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James Caan teased Hugh Grant in the cutest way making this rom-com

Hugh Grant went through a huge rise, fall, and rise again regarding fame in the 1990s and part of his comeback was the mafia comedy Mickey Blue Eyes.

James Caan and Hugh Grant

In the 90s, Hugh Grant was one of the biggest stars in the world. He broke through to massive worldwide fame in 1994 with one of the best rom-coms, Four Weddings, and capitalized on this by appearing in an astonishing five 90s movies in 1995 alone. 1995 was also the year that Grant was arrested, so there definitely a boom-and-bust feel to his fame. Grant stepped away from the limelight in 1996-1998, and then came back in 1999 with romance movie Notting Hill – which was an even bigger hit than Four Weddings.

His lesser known 1999 movie was Mickey Blue Eyes, which saw Grant still play British, but this time in an American mafia movie. James Caan plays Grant’s future father-in-law, who gets Grant’s character embroiled in the mob. To put Grant at ease, Caan came up with an affectionate nickname for him on set.

“It was a pretty big undertaking for him. He really felt a lot of pressure. So I’d try to lighten him up sometimes,” Caan told Entertainment Weekly in 1999. “I used to call him Whippy. He worries about things. That’s why I called him that. It’s short for whippet. You know, those little whippet dogs that get nervous and you gotta put a sweater on them when they’re cold.”

Grant produced the crime comedy movie with his girlfriend at the time, Elizabeth Hurley. He also reportedly did rewrites on the script, and directed reshoots – although he denied the latter. “He’d [Grant] send me a fax in the middle of the night. It would be four pages of script with two words changed. I’d say, ‘You can do that in the morning, don’t you think?'” remembers Caan. “I really plagued Jimmy Caan. Plagued him,” admits Grant.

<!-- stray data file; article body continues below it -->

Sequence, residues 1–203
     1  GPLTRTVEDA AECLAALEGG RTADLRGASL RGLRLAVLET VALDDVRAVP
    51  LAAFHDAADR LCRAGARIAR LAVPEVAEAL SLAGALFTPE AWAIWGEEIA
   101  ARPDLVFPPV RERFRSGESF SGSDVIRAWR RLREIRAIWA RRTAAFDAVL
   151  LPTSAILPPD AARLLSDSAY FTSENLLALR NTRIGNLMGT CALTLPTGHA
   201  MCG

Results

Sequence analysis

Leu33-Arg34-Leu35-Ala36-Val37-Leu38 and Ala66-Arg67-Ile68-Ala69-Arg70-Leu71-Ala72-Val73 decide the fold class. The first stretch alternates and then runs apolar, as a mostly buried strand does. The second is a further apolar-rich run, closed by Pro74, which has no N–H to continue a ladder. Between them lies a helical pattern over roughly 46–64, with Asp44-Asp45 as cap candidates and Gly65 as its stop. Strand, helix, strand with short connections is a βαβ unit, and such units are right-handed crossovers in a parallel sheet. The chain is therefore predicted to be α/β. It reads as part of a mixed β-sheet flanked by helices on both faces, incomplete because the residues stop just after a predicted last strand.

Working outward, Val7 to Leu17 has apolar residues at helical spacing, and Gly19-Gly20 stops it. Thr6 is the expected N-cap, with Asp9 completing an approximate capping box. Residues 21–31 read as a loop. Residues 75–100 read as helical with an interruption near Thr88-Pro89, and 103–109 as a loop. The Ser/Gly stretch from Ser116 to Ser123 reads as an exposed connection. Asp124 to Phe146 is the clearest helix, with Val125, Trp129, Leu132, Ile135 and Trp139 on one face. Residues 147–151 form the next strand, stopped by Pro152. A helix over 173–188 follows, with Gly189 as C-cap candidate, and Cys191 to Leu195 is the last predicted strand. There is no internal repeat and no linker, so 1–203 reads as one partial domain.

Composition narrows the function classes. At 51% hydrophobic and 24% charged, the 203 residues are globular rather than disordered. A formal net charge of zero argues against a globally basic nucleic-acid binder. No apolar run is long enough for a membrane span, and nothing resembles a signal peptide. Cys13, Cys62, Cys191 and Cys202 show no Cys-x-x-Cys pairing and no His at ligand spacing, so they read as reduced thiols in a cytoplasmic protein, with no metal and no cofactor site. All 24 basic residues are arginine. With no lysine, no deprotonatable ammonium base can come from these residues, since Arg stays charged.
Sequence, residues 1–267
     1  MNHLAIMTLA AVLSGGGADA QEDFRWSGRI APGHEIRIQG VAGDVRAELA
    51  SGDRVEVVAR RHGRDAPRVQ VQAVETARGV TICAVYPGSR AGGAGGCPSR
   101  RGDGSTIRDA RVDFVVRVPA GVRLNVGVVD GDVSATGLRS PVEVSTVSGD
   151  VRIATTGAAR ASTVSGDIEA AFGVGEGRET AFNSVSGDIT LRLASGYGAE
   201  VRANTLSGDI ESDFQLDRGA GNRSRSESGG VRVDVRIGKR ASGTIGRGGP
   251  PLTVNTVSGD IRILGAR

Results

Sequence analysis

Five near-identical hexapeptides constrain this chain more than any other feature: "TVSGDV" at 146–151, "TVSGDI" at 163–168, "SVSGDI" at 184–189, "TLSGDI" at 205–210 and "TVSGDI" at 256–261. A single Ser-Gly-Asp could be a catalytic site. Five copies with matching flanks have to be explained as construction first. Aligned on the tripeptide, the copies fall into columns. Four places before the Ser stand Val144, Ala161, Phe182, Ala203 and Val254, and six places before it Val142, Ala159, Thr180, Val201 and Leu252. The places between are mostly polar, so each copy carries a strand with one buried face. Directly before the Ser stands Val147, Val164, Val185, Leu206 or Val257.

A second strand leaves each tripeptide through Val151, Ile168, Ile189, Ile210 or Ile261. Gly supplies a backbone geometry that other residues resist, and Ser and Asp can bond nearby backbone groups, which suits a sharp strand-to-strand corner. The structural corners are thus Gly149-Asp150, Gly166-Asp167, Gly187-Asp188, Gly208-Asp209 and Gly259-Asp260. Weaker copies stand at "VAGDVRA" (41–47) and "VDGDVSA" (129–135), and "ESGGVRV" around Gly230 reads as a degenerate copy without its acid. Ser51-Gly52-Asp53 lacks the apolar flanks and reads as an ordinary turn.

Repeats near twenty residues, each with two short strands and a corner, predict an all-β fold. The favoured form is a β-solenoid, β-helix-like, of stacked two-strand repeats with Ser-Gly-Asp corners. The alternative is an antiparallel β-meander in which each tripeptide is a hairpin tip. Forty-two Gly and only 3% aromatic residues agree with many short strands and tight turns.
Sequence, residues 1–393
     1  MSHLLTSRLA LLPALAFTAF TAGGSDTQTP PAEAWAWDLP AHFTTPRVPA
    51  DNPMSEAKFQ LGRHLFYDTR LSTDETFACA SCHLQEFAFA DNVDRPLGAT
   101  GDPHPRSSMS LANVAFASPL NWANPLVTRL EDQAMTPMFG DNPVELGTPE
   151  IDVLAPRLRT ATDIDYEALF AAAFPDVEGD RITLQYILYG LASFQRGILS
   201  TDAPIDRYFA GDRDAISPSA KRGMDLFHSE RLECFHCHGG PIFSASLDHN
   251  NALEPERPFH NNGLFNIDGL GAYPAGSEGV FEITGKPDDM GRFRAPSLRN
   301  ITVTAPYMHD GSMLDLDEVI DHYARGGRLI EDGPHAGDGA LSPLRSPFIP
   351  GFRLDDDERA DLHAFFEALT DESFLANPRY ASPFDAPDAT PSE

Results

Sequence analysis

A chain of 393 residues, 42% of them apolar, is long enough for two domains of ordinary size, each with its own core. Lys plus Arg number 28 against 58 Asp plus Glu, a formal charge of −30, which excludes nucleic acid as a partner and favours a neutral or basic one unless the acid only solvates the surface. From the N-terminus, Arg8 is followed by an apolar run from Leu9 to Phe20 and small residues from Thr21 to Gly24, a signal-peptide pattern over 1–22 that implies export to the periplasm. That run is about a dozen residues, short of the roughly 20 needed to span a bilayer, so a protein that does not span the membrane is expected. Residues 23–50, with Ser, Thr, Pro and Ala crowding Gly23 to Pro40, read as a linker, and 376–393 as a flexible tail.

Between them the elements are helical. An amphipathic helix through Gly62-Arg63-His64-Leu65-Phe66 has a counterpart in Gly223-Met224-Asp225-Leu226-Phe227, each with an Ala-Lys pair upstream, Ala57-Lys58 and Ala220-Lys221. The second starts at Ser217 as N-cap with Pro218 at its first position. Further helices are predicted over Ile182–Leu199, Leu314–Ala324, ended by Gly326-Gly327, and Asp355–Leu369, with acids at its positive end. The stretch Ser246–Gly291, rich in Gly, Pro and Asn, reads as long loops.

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“You read all this stuff about how I fired him [the director] and recut the movie and all that stuff and it’s simply not the case,” says Grant. “He’s the director of the film, always was and always will be.” On the set, being lead actor, producer, and writer, let alone alleged director, was enough of a burden on Grant; “It’s f—ing exhausting and stressful.”

It’s interesting getting an insight into Grant’s career in the late 90s, when he was a massive star. In the last five years, he has leaned into comedic supporting roles in the likes of Paddington 2 and Dungeons & Dragons. He has also appeared in three Guy Ritchie movies (The Man from UNCLE, The Gentlemen and Operation Fortune) and made a memorable cameo in Glass Onion.

Check out our guide to the best rom-coms.